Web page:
Holocaust Remembrance Day and the Liberation of Auschwitz
Holocaust Remembrance Day is January 27. It was established by the UN in 2005 on the 60th anniversary of the 1945 liberation of Auschwitz-Birkenau, but the date had been observed by many countries for years. Auschwitz was the largest of the Nazi concentration camps—more than a million people were killed there in Hitler’s plan to eliminate Europe’s eleven million Jews.
Knowing that the Allies were closing in, SS leader Heinrich Himmler ordered the evacuation of concentration camps in hopes of keeping prisoners from falling into Allied hands and telling their stories, as well as to keep them as bargaining chips in possible negotiations at the end of World War II. At Auschwitz in the days before liberation, hundreds were killed and around 60,000 were forced to march to Polish cities 30 miles or more away. Those who could not keep up were shot and many died from the cold and starvation—maybe as many as 15,000 did not make it.
When the Soviets finally arrived at Auschwitz, they found more than 7,000 remaining prisoners, most of whom were sick or dying
Initially, the camp was established to hold Polish political prisoners. It wasn’t until after the January 1942 Wannsee Conference
that Auschwitz became a destination for Jews and other people who were deemed undesirable to the Nazis. One of Himmler’s top deputies, Reinhard Heydrich, convened the meeting of many high-ranking German officials to come up with the implementation of “The Final Solution to the Jewish Question.” Heydrich, dubbed by Hitler as “the man with the iron heart,” was a chief architect of the Holocaust, having played a large part in justifying the invasion of Poland, the planning of Kristallnact, the formation of the Einsatzgruppen and the implementation of the extermination camps.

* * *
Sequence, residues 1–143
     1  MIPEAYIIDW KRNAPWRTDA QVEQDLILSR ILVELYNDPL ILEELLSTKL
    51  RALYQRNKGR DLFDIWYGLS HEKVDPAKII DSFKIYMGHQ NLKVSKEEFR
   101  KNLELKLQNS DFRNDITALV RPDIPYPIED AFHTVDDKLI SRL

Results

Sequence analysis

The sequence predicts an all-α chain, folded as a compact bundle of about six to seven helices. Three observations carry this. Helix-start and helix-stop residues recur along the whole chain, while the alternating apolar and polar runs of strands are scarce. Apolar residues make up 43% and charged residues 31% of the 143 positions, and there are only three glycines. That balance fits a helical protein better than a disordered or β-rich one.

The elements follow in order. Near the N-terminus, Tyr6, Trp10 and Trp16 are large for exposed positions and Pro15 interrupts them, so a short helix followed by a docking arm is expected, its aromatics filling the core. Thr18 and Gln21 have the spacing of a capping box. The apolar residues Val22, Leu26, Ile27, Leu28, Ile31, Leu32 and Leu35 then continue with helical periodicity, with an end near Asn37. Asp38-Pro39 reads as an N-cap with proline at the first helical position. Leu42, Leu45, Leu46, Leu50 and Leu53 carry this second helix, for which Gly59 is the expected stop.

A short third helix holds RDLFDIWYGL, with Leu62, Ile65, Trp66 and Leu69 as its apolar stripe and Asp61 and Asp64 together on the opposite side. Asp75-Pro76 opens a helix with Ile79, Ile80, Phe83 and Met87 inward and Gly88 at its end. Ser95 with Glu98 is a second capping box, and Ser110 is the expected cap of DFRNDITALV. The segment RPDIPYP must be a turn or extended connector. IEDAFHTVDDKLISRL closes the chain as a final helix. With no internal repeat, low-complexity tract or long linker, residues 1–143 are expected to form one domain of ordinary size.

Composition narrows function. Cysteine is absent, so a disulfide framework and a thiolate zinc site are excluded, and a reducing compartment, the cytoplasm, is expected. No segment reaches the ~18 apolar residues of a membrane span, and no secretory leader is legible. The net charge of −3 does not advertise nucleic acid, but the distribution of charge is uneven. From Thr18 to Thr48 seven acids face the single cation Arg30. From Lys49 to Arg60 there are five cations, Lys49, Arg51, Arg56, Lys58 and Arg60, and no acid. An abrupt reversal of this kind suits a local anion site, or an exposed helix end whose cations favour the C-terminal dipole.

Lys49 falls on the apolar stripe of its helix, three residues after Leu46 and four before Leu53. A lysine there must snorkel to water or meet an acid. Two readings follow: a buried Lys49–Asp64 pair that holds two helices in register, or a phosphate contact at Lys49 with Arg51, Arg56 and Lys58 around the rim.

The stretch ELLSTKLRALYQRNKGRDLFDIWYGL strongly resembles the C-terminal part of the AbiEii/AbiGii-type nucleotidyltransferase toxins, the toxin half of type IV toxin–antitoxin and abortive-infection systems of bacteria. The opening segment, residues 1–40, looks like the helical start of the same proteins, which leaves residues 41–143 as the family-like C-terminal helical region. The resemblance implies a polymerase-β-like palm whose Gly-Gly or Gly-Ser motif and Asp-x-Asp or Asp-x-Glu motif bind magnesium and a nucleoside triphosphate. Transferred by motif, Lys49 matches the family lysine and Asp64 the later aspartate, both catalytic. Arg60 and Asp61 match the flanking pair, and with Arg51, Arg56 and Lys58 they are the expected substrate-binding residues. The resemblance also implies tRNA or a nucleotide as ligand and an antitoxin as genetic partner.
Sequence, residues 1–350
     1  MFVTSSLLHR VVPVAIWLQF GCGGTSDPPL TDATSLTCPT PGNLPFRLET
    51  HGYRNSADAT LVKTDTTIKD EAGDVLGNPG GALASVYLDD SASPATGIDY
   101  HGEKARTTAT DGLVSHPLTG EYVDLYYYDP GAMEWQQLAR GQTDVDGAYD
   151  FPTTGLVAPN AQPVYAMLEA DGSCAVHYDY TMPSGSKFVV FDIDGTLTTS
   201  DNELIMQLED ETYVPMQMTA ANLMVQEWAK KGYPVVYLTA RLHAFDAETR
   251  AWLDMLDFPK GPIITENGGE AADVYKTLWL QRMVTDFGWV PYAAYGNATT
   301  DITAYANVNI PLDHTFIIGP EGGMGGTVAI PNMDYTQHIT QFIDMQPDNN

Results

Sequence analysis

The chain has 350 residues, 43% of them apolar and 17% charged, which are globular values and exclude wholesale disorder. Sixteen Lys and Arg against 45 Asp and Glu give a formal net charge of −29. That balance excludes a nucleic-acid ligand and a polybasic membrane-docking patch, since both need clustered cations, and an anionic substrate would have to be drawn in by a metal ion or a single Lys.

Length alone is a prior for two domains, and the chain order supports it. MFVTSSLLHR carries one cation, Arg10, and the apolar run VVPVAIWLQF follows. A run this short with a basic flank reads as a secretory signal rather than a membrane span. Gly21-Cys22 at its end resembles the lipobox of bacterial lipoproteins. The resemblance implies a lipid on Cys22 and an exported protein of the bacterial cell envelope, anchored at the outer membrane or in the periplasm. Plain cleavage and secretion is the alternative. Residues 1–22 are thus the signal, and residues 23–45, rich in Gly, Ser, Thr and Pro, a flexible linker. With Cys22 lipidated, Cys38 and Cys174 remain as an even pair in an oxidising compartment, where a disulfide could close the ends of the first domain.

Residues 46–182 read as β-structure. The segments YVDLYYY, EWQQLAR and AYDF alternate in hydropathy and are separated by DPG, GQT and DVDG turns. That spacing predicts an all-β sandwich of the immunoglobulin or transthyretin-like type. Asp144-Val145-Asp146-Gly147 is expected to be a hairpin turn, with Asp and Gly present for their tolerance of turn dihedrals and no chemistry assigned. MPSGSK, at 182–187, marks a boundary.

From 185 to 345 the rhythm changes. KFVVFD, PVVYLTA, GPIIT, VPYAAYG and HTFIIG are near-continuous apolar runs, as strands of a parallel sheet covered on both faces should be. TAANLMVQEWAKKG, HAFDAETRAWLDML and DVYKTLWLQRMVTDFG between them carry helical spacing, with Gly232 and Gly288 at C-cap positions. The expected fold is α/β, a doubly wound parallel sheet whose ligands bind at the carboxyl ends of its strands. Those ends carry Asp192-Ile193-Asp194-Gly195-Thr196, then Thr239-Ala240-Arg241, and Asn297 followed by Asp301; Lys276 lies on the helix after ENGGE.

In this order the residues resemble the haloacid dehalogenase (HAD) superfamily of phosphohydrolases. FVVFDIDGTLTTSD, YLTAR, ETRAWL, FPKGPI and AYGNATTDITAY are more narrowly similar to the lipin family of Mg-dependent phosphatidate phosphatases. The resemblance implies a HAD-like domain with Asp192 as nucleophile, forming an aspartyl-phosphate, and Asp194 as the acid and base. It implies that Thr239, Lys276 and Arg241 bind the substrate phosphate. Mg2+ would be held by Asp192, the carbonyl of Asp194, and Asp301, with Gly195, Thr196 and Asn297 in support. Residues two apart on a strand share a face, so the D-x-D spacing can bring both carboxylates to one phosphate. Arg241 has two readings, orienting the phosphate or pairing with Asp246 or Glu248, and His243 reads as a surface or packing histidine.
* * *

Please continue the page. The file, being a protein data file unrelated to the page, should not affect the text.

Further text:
As Allied forces made their way through German-held territory, other camps were liberated, ending the sickening Nazi effort at genocide.
Of course, the Holocaust has now become part of the history curriculum (and other curricula), as we continue to examine how the darkness in the heart of one man could lead to the deaths of six million people. It is a difficult subject. eLibrary is here to help educators tackle it with a rich variety of articles, photos, quality website links, maps and more, including the stories of survivors. Many of these assets are gathered together for easy access in our Research Topics, which provide everything from overviews to in-depth analysis to help your students get started on their research or to supplement your instruction.
Holocaust Remembrance Day is a good time to examine the lives lost and to reflect on how we can respect human dignity. Following is a partial list of Research Topics relevant to the subject. Other RTs and plenty of individual resources can be discovered by searching in the new eLibrary
or by browsing through our Common Assignments and Subjects trees, which have an engaging graphical interface. (Quick tip: After you have done a search, click on "Other Sources" to get at Research Topics more easily.)
Nazi Concentration Camps
Many of our Holocaust-related RTs have been assembled in this jump page:
ProQuest Research Topic Guide: Holocaust